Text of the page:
In a second aspect of the invention the page-makeup is represented by a control database wherein, as explained more fully below, the control database contains reference information wherein the make-up of a page is represented by pointers to pre-stored sub-pages, along with page positioning data for positioning the pre-stored sub-pages on the printed page.
In utilizing the control database with its inherent sub-page referencing scheme, it is not necessary to physically order the constituent sub-images in memory. Instead, sub-page positioning information is gathered (hereinafter "layout data"), which, along with associated address pointers to sub-pages in memory, contains complete information about the composition of a page. When printing a new page having sub-pages in common with a currently printed page, except for a difference in layout, no time consuming re-loading, ordering or half-toning of images is required, as in the prior art.
One use for the invention is in the printing of personalized take out menus and sales flyers. When printing these types of items, many pages have some sub-images in common, but possibly arranged in varying locations. Thus, by utilizing the invention, no time is lost by half-toning or by rearranging images for a new page composition.
A preferred embodiment of the invention makes use of a large number of graphical images and/or textual blocks (sub-pages) represented in bit-mapped array form (that is, half-tone images) that are previously stored in a memory of a data processing system.
Page-makeup consists of placement of a group of preferably non-overlapping sub-pages, preferably on a white background. Sub-pages may consist of graphical, image or textual blocks, or combinations of information type, but represented in bit-mapped array form suitable for printing. Sub-pages are further divided into lines for printing. Each sub-page is granted a unique identifier for reference purposes.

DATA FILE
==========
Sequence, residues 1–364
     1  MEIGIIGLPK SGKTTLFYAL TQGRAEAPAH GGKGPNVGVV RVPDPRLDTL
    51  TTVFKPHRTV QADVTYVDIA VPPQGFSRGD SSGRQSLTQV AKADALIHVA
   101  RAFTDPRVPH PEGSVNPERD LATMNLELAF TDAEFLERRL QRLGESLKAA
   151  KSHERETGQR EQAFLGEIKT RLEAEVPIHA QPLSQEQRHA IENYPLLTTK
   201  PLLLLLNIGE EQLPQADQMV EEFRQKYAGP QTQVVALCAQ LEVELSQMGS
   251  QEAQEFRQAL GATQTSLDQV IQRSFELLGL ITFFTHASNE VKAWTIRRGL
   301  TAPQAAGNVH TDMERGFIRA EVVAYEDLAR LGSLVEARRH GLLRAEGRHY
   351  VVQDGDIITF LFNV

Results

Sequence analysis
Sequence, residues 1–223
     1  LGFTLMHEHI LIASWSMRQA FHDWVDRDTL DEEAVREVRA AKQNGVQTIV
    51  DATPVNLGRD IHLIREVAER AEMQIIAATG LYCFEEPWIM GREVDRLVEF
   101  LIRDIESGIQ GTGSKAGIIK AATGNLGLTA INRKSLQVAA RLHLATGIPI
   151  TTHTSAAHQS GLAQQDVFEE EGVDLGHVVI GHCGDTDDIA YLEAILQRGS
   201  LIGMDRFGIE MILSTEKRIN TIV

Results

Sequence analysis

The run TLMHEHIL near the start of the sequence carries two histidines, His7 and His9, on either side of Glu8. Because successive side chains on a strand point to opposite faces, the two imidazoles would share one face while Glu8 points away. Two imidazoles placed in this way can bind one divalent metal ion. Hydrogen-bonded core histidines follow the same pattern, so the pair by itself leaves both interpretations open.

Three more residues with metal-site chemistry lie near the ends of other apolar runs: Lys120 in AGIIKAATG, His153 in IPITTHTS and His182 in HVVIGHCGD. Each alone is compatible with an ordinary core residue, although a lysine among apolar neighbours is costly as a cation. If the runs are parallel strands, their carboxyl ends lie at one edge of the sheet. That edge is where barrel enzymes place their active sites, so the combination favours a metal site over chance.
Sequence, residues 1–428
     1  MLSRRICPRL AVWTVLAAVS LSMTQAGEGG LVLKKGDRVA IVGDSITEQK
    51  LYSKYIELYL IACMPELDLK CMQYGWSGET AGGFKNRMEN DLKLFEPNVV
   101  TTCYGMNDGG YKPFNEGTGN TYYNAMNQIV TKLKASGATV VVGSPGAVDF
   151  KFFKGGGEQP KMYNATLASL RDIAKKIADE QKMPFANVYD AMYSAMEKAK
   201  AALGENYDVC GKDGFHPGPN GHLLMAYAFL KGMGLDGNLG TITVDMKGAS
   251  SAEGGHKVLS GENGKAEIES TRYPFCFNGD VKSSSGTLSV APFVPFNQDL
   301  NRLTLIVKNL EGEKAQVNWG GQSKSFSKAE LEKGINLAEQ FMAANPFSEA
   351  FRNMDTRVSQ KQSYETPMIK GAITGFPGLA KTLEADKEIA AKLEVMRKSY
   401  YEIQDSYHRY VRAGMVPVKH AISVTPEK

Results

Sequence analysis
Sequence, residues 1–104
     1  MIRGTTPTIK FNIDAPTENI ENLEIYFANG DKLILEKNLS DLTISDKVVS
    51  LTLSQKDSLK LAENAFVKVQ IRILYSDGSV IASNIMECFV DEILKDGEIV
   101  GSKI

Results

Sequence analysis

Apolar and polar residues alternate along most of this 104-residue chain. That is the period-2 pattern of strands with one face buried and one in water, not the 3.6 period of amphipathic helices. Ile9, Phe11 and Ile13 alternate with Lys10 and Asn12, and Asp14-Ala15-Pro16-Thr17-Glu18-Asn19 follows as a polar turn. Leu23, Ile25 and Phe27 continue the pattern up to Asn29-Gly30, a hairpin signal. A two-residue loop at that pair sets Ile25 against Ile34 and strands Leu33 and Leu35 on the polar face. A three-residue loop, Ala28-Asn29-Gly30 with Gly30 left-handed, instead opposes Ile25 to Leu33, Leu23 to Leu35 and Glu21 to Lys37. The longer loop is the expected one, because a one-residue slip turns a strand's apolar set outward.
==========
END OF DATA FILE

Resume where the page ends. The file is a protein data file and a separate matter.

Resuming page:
It should be noted that while sub-pages preferably do not overlap one another, two or more sub-pages may be placed side-by-side such that lines from sub-pages print on the same line of the page.
In a preferred embodiment of the invention, the process of printing a page is divided into two phases.
In a first pre-printing phase, a control database for each page to be printed is prepared.
It should be noted that two types of information are handled by the first phase. "Image data" includes information such as bit-mapped arrays that define a graphical image, and "control data" includes information such as sub-page positioning information.
In a preferred embodiment of the invention, there exists a pre-stored library of sub-pages as described above, preferably stored in secondary memory such as disk memory.
Layout, or positioning data is prepared for pages to be printed during a production run. Preferably, this layout preparation is accomplished by an operator before a production run begins. The layout information indicates where the sub-pages are to be located on pages to be printed. In a preferred embodiment of the invention, a layout command comprises a sub-page identifier, and, top offset and left offset (of the paper) information for the sub-page to be printed, such that there is no overlap between various sub-pages.
Next, sub-pages to be used during printing are loaded into an image memory. Preferably, the image memory is sufficiently large to hold all the sub-pages required during a production run. If there is insufficient memory to hold all the sub-pages, then sub-pages are switched in and out of memory so that those sub-pages required to be printed soon are loaded into memory at the expense of sub-pages not immediately required. The object is not to lose time loading sub-pages into memory.
For each sub-page loaded, its unique identifier, such as an address location, is stored in memory along with the length (in memory units) of the sub-page. Next, for each line in the sub-page, its left offset position and starting address and length in memory are stored.